Role and importance of print industry-institute linkage programmes in India

The industry needs a skilled workforce, and the printing institutes are there to do the same. Thus, a successful integration of the industry and the institute is of paramount importance for the success of both entities. They are dependent upon each other for their mutual growth and development, says Dr Anjan Kumar Baral.

31 Dec 2023 | By PrintWeek Team

Dr Anjan Kumar Baral

Printing is one of the greatest inventions of all time and the whole of mankind is indebted to Johannes Gutenberg, popularly known as the father of movable types, for his memorable invention and remarkable contribution in the fields of printing technology. Since the introduction of metal movable types in 1434 AD, the printing industry has undergone numerous changes and transformations in the past and is serving human society in an array of functions and utilities. Modern society is heavily dependent upon printing to fulfil its varied needs, requirements and demands. It can be concluded that the invention of printing made the wheel of the human progression keep moving. The introduction of radio, television, internet and digital media has not impacted much on the role and importance of printed products. Printed products were there in the past, it is very much here in the present time and will certainly be there in the future. Print is progressive and so is the future of the printing industry and print education and research is a highly secure and bright future.

Printing is everywhere, one just names it and it is there; newspaper, toothpaste, bath soap, shampoo sachets, toiletries, breakfast cereals, milk, curd, cheese, juice, fresh vegetables and fruits, kitchens to office, lunch to dinner tables, medicines to FMCG, books, magazines, drawing room to bedrooms, etc, etc. It is practically impossible to live a useful and meaningful life without exposure to printing products. The introduction of printing made a big breakthrough in the areas of mass communication and knowledge and information once confined to a small group of people was made accessible to the common people at an affordable cost.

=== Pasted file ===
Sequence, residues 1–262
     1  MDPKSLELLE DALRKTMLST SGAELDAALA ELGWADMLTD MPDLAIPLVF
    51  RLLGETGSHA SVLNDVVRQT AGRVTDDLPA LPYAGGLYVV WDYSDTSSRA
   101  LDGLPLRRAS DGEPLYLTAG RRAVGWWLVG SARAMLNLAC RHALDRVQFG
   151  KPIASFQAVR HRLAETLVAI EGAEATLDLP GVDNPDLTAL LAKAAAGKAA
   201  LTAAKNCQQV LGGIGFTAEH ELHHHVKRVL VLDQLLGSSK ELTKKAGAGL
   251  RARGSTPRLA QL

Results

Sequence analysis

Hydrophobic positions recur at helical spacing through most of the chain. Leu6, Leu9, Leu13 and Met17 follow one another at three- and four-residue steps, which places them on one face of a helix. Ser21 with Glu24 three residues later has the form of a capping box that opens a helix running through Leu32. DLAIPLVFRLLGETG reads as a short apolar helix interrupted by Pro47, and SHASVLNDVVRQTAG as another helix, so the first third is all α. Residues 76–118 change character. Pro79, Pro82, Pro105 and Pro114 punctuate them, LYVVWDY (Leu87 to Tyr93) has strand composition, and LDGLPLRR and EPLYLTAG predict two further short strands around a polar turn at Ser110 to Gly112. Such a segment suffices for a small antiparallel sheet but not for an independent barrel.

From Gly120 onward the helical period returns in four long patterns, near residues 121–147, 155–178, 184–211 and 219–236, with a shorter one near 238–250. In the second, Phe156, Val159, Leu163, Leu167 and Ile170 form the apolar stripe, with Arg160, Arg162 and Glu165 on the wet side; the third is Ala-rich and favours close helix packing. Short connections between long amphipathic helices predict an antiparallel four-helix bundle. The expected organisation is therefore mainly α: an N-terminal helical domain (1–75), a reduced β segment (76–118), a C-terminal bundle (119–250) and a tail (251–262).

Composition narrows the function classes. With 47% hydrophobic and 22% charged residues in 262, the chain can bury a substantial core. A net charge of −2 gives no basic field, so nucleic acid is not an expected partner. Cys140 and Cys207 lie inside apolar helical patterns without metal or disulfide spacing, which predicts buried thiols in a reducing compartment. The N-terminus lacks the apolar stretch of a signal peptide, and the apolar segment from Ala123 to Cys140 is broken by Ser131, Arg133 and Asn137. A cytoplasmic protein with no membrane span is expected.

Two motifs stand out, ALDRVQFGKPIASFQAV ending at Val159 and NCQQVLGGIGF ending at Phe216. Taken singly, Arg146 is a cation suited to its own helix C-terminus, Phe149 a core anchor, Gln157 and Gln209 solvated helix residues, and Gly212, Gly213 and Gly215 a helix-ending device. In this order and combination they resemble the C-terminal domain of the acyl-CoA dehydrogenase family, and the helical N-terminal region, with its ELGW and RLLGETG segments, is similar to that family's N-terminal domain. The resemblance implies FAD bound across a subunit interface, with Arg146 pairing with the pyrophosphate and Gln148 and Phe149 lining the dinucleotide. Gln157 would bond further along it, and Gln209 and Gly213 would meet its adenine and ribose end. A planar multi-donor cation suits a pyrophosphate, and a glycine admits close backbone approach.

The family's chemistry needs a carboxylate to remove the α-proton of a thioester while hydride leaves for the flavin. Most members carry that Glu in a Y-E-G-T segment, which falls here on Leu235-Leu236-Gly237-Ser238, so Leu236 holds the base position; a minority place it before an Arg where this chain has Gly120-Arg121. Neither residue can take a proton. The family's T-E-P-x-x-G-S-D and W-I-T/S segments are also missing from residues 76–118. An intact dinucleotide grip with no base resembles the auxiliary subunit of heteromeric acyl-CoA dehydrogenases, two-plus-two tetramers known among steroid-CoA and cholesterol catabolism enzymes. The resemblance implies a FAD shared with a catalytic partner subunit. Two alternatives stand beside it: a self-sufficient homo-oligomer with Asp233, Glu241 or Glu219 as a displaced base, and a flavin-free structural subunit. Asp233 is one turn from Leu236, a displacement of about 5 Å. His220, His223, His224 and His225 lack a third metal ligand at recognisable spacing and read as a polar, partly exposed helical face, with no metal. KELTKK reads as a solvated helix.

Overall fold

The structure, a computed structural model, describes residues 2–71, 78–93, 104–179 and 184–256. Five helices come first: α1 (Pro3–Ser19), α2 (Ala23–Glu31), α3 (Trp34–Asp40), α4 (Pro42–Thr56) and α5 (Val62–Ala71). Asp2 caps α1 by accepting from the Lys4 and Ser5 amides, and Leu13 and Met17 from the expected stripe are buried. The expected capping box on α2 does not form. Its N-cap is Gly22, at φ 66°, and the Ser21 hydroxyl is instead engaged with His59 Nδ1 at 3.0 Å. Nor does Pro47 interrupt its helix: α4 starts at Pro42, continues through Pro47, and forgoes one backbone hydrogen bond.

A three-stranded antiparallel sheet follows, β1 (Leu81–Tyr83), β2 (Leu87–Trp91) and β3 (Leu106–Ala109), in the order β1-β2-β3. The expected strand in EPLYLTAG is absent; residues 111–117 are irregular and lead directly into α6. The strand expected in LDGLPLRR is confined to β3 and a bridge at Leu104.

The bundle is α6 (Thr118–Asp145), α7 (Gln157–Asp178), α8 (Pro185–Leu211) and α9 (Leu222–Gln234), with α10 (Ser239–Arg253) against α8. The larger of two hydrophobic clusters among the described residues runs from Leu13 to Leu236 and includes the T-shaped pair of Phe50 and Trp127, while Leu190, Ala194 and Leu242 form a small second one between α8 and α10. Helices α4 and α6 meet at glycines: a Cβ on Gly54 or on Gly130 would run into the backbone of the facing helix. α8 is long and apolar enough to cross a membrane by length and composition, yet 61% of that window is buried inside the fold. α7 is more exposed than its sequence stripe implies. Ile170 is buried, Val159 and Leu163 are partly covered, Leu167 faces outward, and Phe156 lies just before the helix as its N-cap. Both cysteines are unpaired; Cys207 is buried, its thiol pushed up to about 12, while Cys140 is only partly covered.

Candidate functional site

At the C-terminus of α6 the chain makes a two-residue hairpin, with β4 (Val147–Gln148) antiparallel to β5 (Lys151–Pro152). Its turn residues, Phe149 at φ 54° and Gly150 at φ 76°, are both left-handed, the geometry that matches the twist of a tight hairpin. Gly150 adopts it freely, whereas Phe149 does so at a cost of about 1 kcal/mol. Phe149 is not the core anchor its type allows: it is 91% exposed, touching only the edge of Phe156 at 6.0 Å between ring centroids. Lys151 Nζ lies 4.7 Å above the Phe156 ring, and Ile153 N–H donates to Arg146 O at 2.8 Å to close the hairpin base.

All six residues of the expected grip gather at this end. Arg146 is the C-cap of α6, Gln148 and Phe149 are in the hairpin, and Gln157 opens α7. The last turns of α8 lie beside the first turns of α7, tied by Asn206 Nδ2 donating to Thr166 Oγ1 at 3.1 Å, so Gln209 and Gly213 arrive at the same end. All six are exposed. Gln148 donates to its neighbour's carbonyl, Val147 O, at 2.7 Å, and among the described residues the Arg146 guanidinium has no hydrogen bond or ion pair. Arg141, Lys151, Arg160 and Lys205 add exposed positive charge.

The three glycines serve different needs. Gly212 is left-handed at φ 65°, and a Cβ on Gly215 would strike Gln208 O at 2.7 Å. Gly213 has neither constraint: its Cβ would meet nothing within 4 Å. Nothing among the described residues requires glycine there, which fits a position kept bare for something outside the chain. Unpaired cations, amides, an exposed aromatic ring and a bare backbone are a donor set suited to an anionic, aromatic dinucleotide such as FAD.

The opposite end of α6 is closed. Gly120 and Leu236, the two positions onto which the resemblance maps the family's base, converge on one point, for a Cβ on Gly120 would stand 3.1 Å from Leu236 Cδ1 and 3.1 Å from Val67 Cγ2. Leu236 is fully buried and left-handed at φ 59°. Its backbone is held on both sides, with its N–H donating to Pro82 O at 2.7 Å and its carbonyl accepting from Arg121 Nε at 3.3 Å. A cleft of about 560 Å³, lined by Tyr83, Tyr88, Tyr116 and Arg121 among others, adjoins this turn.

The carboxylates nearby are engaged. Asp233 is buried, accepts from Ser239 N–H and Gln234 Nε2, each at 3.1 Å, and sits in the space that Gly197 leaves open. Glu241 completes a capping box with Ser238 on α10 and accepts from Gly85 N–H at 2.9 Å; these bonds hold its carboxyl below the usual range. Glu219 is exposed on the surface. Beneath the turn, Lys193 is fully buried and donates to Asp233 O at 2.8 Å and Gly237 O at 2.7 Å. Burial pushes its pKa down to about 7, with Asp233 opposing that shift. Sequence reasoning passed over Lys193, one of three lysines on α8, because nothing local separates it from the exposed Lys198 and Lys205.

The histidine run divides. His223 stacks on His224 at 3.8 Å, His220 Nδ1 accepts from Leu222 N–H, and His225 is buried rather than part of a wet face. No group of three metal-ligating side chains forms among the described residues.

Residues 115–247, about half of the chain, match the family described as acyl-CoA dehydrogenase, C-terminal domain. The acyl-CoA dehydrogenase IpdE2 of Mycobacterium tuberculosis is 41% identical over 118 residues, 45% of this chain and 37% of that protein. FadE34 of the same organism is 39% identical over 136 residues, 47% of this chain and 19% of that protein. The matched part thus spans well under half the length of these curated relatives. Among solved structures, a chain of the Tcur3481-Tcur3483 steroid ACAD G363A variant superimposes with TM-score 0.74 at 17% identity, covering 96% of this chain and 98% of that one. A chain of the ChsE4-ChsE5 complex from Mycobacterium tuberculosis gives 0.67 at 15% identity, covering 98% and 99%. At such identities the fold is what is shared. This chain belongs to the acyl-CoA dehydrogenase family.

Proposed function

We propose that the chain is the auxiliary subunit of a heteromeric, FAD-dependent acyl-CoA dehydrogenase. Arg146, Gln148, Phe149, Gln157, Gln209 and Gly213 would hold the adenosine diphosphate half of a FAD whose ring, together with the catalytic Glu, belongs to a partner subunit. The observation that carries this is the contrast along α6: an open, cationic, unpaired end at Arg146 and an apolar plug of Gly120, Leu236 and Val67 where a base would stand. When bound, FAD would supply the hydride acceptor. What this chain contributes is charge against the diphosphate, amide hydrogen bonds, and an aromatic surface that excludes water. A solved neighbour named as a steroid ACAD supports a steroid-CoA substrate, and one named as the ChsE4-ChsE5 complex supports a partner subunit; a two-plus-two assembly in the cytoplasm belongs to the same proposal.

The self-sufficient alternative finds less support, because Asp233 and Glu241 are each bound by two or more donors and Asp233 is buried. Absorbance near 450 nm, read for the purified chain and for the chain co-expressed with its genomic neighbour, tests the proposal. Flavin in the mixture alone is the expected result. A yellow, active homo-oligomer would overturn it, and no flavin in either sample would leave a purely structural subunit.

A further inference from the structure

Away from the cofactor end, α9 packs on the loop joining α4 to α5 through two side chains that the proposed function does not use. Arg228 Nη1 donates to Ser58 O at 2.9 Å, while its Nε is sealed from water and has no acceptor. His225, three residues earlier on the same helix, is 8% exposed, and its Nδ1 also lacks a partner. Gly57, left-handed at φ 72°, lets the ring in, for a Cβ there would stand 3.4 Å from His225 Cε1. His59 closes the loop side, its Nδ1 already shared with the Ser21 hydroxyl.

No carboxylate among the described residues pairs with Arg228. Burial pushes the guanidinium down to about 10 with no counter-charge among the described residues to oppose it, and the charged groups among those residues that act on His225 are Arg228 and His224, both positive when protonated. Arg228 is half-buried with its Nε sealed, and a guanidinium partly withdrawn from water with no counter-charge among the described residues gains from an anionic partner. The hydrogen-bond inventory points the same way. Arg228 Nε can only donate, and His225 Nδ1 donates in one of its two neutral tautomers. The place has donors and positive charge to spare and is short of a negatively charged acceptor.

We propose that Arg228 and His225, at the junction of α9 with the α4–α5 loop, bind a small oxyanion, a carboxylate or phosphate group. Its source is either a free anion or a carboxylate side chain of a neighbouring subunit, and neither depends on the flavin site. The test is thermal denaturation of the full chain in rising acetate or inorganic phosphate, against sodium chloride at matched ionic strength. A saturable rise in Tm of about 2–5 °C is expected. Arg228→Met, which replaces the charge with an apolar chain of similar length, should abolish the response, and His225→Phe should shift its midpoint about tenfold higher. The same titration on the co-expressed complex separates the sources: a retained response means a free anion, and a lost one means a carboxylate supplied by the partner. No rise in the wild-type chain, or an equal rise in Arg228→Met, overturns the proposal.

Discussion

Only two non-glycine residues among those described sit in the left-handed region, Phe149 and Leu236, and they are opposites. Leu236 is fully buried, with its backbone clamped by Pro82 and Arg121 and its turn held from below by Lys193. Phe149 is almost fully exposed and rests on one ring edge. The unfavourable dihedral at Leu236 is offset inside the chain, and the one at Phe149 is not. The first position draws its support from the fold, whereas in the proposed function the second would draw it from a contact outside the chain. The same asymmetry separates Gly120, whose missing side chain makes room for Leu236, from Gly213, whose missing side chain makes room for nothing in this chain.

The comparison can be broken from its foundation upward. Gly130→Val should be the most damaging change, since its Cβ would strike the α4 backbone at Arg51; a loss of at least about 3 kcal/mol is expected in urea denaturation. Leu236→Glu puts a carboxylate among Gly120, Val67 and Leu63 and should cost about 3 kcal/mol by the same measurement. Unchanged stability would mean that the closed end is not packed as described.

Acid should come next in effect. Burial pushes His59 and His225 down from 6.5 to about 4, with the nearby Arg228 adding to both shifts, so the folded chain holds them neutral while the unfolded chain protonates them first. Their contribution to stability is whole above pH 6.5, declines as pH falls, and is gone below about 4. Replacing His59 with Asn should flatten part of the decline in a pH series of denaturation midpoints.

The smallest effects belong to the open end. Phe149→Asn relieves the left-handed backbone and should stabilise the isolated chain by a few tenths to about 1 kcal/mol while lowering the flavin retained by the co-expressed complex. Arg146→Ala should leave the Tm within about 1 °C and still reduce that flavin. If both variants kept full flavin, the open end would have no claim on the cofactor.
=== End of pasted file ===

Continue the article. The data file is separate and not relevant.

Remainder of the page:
Knowledge empowers individuals by providing them with the information and skills needed to make informed decisions. It gives people the ability to understand their surroundings, solve problems, and navigate through life's challenges.

The invention of the printing press and the addition of other printing techniques over the period made the printing industry move forward and the growth and development of this industry started dominating the worldwide printing business. Once known as the art and craft-based small and cottage industry, over time transformed into a technologically enabled manufacturing industry. It is now under the category of full-fledged industry and nowhere it is behind the so-called progressive industries in the world business scenario. Conventional printing techniques, digital printing technologies and hybrid printing presses are available in the marketplace equipped with the latest and advanced technologies to take care of the varied needs and requirements of modern-day print buyers and consumers. Over the years, the printing industry has grown exceptionally well in terms of process optimisation and productivity enhancement coupled with increased levels of print quality.

Immediately after independence, it was felt to focus on industrial growth for the essential growth of the Indian economy. Printing education in India started with the establishment of four regional institutes of printing technology with short-term certificate programs in the areas of printing technology at Calcutta, Madras, Bombay and Allahabad. In keeping view of the progress of the Indian printing industry, in the later years, these institutes were upgraded into delivering three-year diploma programmes in printing technology. During the first part of the 1990s, Anna University, Tamil Nadu, initiated the four-year engineering degree programme in Printing Technology, which was considered to be the starting point of print higher education in India.

Since then, other institutes in different parts of India started offering Bachelors, Masters and PhD research-level programmes to produce technocrats to take care of the needs and requirements of the Indian as well as the global printing industry. India, in recent years, is known as the hub for printing education and research programmes. Roughly around 3,500 technocrats at various levels are being produced by Indian printing institutes every year to serve this industry efficiently.